Each of the local bit lines 111, 112, 113,and 114; 115, 116, 117, and 118; 121, 122, 123, and 124; and 125, 126, 127; each of the global bit lines 161, 162, 163, 164 and 165; and each of the source lines 171 and 172 are connected to the bit line selector 190. The bit line selector 190 is composed of switch transistors Q1 a, . . . , Q1 d, . . . , Q8 a, . . . , Q8 d, which selectively connect the local bit lines 111, 112, 113,and 114; 115, 116, 117, and 118; 121, 122, 123, and 124; and 125, 126, 127 to the global bit lines 161, 162, 163, 164 and 165 and the source lines 171 and 172. The structure as shown allows each column of the each array block 110 and 120 to be selectively connected to either an “odd” global bit line 161, 163, or 165 or and “even” global bit line 162 or 164. The connections are dependent on the gate select signals applied to the gate select lines 151 a, . . . , 151 d; 152 a, . . . , 152 d; 158 a, . . . , 158 d; and 159 a, . . . , 150 d.

Refer to Table 1 for the details of the signals of the gate select lines 151 a, . . . , 151 d; 152 a, . . . , 152 d; 158 a, . . . , 158 d; and 159 a, . . . , 150 d to activate the switch transistors Q1 a, . . . , Q1 d, . . . , Q8 a, . . . , Q8 d.

TABLE 1
Local Bit Line 111 115 112 116 113 117 114 118
Gate Signal
Line Active
SG11 151a BL1 161 BL3 161
SG12 151b BL2 162 BL4 164
SG13 158a BL2 162 BL4 164
SG14 158b BL3 163 BL5 165
Global Bit Line Connected to
SG15 151c SL1 171 SL1 171
SG16 151d SL1 171 SL1 171
SG17 158c SL1 171 SL1 171
SG19 158c SL1 171 SL1 171
Source line Connected to
Local Bit Line 121 125 122 126 123 127 124 128
Gate Signal
Line Active
SG21 152a BL1 161 BL3 161
SG22 152b BL2 162 BL4 164
SG23 159a BL2 162 BL4 164
SG24 159b BL3 163 BL5 165
Global Bit Line Connected to
SG25 152c SL2 172 SL2 172
SG26 152d SL2 172 SL2 172
SG27 159c SL2 172 SL2 172
SG29 159d SL2 172 SL2 172
Source line Connected to

The connections as shown in Table 1 allows one array block 110 to be read from and/or written to and at the same time the second array block 120 to simultaneously be read from and/or written to. The following examples will demonstrate the various combinations of states for the gate select signals applied to the gate select lines 151 a, . . . , 151 d; 152 a, 152 d; 158 a, . . . , 158 d; and 159 a, . . . , 150 d to activate the switch transistors Q1 a, . . . , Q1 d, . . . , Q8 a, . . . , Q8 d to accomplish the simultaneous read and/or write operations to the separate array blocks 110 and 120.

The first example of the operation of the flash memory illustrates a reading of digital data simultaneously from two separate array blocks 110 and 120. In this example, the memory cell M11 of the first array block 110 and the memory cell M22 of the array block 120 are the cells being selected for reading. The bit line amplifier 160 conditions the bit line 161 and the bit line 162 to provide the necessary biasing voltage for reading the memory cells M11 and M22. The word line amplifier 140 conditions the word lines 141 and 143 to provide the necessary biasing voltage for reading the memory cells of the row of the array blocks 110 and 120. The non-selected bit lines 163, 164, and 165 and the non-selected word lines 142 and 144 are conditioned to the necessary voltages to minimize cell disturbances during the read operations. The read/write control circuit 150 activates the gate select lines 151 a to turn on the switch transistor Q1 a to connected the local bit line 115 to the global bit line 161 to allow reading of the memory cells on the column containing the desired memory cell M111. At this same time, the read/write control circuit 150 activates the gate select line 151 d to turn-on the switch transistor Q1 d to connect the local bit line 111 to the source line 171. The source line 171 is set to a virtual ground through the sense amplifier 170, which will sense and reconstruct the digital data stored in the memory cell M11.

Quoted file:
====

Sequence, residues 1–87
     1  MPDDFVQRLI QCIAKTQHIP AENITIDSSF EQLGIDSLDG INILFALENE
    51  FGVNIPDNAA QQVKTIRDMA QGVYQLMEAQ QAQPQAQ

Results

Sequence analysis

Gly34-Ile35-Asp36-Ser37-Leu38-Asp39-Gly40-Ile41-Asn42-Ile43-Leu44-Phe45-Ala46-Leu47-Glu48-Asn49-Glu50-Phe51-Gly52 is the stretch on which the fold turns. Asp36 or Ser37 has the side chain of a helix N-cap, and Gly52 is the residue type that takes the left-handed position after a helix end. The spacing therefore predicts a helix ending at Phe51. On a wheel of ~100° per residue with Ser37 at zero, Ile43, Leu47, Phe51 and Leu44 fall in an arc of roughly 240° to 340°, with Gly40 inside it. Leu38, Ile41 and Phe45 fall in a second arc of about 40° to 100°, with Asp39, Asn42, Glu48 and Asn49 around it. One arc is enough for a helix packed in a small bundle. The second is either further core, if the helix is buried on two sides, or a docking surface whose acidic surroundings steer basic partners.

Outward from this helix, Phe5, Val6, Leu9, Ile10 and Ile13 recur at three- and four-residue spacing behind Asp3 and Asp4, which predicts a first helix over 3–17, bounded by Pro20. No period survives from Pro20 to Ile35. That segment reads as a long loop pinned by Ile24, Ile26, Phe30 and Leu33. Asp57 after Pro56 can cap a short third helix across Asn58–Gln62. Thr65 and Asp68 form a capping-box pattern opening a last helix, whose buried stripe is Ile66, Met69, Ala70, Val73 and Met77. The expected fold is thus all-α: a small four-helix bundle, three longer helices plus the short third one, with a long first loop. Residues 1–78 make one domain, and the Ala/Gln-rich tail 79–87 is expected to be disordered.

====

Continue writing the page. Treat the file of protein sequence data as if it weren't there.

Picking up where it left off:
The gate select lines 151 a and 151 d, as described, also turn-on the switch transistors Q3 a and Q3 d. This would simultaneously select the memory cell M13 for simultaneous reading. However, the bit line amplifier 160 conditions the bit line 163 to a voltage to prevent any interference of the digital data from the memory cell M13 from impacting the reconstruction of the digital data from the memory cell M111.

To perform the simultaneous reading of the memory cell M22, the read/write control circuit 150 activates the gate select line 159 a to turn on the switch transistor Q6 a to connected the local bit line 122 to the global bit line 162 to allow reading of the memory cells on the column containing the desired memory cell M22. At this same time, the read/write control circuit 150 activates the gate select line 159 d to turn-on the switch transistor Q6 d to connect the local bit line 126 to the source line 172. The source line 172 is set to a virtual ground through the sense amplifier 170, which will sense and reconstruct the digital data stored in the memory cell M22.